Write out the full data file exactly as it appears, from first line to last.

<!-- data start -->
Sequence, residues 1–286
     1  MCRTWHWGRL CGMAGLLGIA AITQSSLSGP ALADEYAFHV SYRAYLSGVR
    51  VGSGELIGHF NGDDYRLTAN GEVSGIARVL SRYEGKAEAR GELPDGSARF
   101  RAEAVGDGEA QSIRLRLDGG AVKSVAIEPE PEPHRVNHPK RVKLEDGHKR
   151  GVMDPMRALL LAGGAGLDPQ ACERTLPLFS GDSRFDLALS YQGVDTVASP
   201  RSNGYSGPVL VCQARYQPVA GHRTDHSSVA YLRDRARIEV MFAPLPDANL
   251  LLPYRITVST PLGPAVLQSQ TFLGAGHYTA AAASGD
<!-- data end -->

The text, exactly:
Sequence, residues 1–286
     1  MCRTWHWGRL CGMAGLLGIA AITQSSLSGP ALADEYAFHV SYRAYLSGVR
    51  VGSGELIGHF NGDDYRLTAN GEVSGIARVL SRYEGKAEAR GELPDGSARF
   101  RAEAVGDGEA QSIRLRLDGG AVKSVAIEPE PEPHRVNHPK RVKLEDGHKR
   151  GVMDPMRALL LAGGAGLDPQ ACERTLPLFS GDSRFDLALS YQGVDTVASP
   201  RSNGYSGPVL VCQARYQPVA GHRTDHSSVA YLRDRARIEV MFAPLPDANL
   251  LLPYRITVST PLGPAVLQSQ TFLGAGHYTA AAASGD